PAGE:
Specifically, an unwillingness to be honest with their feelings or motivations (emotional dishonesty) and resistance towards admitting fault or accountability. I realize this is a controversial statement that would garner a lot of hate but let me give you a recent example.

Recently I went on a Facebook musician's community where people could message each other to meet up to play music. One woman had written several posts complaining about not being able to find anyone to meet up with lately, presumably due to Covid. Now, there's been many people who have been playing music with each other remotely/virtually but this woman was suggesting that she was actually interested in meeting in person but no one else wanted to. She never said this directly but most of the evidence from what she said would lead most rational people to believe that was her intention. After all, many people were already meeting virtually so there would be no reason to complain that it was impossible to find anyone to do that. People willing to meet in person, however, are a bit more scarce. As well, the phrase "meeting up" more often than not denotes a live meeting. One guy who had been reading her comments chimed in and scoldingly told her that she shouldn't be meeting with anyone and should be social distancing. Her response wasn't to tell the guy to mind his own business because it's her life and she can do whatever she wants but to say that she was in fact staying home and that she was referring to after lockdown. This came off as extremely disingenuous to me since she didn't need to prove this anonymous stranger wrong as it wasn't his business anyway and yet she felt the need to do just that, despite evidence suggesting otherwise.

Even if "it wasn't his business anyway," she might have wanted to clarify her intentions for the benefit of other onlookers. So far, I see absolutely nothing wrong or suspicious here at all.

GammaRayBob wrote:
My suspicions were confirmed when I started talking to her and said that I was a drummer and had a jam space in my house. Eventually she texted me and asked if I had Instagram, which I thought was a strangely irrelevant question. After all, my Facebook profile is virtually completely open to the public so if she wanted to see pictures or videos of me, she could already do that. She replied that she gets nervous meeting with people, which I also found strange since she was the one complaining that no one wanted to meet her but whatever.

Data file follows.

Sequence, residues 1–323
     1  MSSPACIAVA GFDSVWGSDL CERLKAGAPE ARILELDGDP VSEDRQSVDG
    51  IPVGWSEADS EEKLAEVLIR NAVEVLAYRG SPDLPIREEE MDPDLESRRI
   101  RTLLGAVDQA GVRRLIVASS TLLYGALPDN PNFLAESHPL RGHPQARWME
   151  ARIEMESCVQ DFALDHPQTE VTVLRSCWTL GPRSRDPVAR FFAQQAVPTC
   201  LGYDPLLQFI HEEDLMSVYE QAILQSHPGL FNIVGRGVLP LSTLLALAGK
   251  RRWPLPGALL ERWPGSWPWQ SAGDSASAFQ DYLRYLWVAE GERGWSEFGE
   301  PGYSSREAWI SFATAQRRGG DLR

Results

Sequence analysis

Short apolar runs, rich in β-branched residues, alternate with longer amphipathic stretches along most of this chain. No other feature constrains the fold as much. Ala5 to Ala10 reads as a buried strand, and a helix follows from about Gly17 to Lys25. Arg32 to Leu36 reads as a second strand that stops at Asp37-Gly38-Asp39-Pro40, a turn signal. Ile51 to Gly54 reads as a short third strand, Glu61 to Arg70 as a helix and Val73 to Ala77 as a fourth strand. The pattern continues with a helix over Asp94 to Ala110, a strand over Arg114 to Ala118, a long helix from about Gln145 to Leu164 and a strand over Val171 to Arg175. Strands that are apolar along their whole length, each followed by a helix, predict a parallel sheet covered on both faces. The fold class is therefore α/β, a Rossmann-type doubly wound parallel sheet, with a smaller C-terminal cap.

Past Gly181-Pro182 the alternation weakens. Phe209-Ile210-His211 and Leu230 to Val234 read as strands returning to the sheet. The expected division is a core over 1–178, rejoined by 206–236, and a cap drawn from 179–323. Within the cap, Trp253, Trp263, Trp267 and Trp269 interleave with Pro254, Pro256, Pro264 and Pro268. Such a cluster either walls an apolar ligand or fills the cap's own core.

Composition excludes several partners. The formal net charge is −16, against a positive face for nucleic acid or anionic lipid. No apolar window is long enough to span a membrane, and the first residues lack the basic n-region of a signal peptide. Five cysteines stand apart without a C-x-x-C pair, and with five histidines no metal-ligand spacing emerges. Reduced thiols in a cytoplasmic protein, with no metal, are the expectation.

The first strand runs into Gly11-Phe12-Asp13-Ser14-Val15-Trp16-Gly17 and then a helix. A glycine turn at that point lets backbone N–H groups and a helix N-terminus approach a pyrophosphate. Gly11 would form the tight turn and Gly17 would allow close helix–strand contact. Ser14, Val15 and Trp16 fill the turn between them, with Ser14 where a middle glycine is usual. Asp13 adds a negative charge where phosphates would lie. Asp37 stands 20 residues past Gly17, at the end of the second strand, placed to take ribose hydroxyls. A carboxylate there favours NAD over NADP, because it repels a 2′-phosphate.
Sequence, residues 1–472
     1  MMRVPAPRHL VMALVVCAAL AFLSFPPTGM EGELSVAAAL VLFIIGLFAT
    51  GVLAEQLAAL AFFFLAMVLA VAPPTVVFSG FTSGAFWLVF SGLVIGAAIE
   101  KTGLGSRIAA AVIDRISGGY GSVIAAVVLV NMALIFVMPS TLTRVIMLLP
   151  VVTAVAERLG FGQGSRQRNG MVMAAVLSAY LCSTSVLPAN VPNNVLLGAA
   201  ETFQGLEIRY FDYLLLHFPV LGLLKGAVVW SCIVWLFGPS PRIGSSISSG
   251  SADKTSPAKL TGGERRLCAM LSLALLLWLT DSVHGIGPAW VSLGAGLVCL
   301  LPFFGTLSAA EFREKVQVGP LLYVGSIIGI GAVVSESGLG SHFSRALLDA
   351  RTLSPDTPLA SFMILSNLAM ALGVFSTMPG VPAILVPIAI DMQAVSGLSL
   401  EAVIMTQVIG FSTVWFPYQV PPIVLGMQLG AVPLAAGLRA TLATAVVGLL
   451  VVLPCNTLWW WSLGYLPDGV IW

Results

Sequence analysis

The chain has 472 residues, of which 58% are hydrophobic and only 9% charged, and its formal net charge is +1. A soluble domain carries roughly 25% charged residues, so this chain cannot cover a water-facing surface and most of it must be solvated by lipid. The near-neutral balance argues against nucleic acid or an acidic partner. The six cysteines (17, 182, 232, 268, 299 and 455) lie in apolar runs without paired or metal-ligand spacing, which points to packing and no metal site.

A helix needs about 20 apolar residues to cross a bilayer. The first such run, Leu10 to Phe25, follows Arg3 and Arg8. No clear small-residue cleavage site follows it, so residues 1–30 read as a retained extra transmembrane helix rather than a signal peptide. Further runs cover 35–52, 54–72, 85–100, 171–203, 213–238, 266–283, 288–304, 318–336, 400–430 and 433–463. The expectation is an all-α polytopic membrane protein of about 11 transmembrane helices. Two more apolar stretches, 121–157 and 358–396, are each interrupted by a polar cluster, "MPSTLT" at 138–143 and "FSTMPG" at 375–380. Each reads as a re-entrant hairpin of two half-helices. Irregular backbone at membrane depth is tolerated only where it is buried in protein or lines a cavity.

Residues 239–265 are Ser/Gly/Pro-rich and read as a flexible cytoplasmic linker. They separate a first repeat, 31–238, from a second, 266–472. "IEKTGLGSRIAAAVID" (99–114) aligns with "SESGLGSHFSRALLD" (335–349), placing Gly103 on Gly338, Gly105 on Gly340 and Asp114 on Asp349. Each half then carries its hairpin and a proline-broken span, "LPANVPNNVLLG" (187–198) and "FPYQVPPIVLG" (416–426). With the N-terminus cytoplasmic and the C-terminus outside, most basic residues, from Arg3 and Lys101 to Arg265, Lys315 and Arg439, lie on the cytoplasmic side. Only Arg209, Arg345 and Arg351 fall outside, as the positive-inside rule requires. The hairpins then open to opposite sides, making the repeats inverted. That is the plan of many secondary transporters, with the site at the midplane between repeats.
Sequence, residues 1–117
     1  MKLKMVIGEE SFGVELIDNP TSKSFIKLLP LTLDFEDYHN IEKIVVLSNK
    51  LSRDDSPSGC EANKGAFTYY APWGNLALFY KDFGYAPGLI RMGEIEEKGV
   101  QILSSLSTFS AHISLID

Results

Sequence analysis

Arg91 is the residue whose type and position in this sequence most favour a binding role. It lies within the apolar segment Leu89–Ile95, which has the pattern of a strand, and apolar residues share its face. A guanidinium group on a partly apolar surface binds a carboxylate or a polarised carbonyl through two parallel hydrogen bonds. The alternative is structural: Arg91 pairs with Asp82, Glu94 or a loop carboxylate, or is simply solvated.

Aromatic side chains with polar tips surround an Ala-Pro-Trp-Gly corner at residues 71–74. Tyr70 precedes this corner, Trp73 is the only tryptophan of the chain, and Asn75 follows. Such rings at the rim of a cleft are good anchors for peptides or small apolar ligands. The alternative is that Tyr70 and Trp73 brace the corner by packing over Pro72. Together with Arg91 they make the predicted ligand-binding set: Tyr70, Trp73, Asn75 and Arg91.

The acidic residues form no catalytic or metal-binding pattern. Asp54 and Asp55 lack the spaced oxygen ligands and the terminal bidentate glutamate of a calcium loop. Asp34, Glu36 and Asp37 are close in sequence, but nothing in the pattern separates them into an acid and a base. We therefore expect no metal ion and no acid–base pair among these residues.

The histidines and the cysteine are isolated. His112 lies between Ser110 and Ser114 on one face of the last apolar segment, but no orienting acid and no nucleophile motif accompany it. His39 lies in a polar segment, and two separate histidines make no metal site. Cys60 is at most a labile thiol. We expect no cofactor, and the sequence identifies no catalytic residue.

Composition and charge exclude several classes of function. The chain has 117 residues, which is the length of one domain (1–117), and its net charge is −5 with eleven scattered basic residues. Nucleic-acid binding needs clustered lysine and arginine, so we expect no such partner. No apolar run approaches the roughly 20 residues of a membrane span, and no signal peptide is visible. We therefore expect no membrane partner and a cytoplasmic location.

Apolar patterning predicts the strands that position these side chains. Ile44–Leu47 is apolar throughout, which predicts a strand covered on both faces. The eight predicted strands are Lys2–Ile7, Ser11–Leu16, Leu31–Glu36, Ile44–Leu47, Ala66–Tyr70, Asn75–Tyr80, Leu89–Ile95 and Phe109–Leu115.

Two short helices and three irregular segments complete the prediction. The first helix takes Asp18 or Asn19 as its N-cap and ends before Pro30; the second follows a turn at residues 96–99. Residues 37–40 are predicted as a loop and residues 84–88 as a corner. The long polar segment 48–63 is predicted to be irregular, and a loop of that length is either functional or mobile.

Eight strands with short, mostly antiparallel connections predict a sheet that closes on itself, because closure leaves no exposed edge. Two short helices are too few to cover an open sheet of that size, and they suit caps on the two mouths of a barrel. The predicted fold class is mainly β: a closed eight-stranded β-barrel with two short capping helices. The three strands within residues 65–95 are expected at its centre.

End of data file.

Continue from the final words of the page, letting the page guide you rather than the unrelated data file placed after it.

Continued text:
Not strange at all, not even slightly strange, if you consider what I said above about the precautions women need to take.

GammaRayBob wrote:
A day or two later, I get a friend request from her but I'm hesitant to add her because 1. I'm already kind of suspicious of her motivations and her character

So far you haven't identified any good reasons whatsoever for your suspicions. Did you have any other reasons to be suspicious?

GammaRayBob wrote:
and 2. I'm generally more hesitant about adding random people these days unless I know them or have some kind pre-existing connection to them. I explain this to her and she replies that it's her policy not to meet up with people whose identities she can't verify.

Probably a common strategy for many women these days. My own strategy is very different from hers. But, for a woman who (unlike me) doesn't reject today's whole legal-name-based social media culture in the first place, it's a reasonable strategy.

GammaRayBob wrote:
I then respond that, as stated, my Facebook profile is already public so she doesn't even need to add me to see who I am (I also explain that seeing someone's profile is no security in regards to confirming who they actually are and whether they're safe to be around but again, neither here nor there).

It's certainly not 100% security, but every little bit of information does help. And it is up to her -- not you -- to decide which pieces of information she considers to be a crucial sine qua non.

When discussing a possible meeting with any woman whom you don't yet know very well, I would strongly recommend not challenging her self-protection strategies, whatever they might be. I personally would immediately classify as a "creep" any male stranger who does that with me.

GammaRayBob wrote:
I ironically ask her if the problem is that she can't see any of my profile content and she unironically says "yeah".

Now, right away I know she's lying

On what grounds do you even suspect, much less "know," that this is a lie?

GammaRayBob wrote: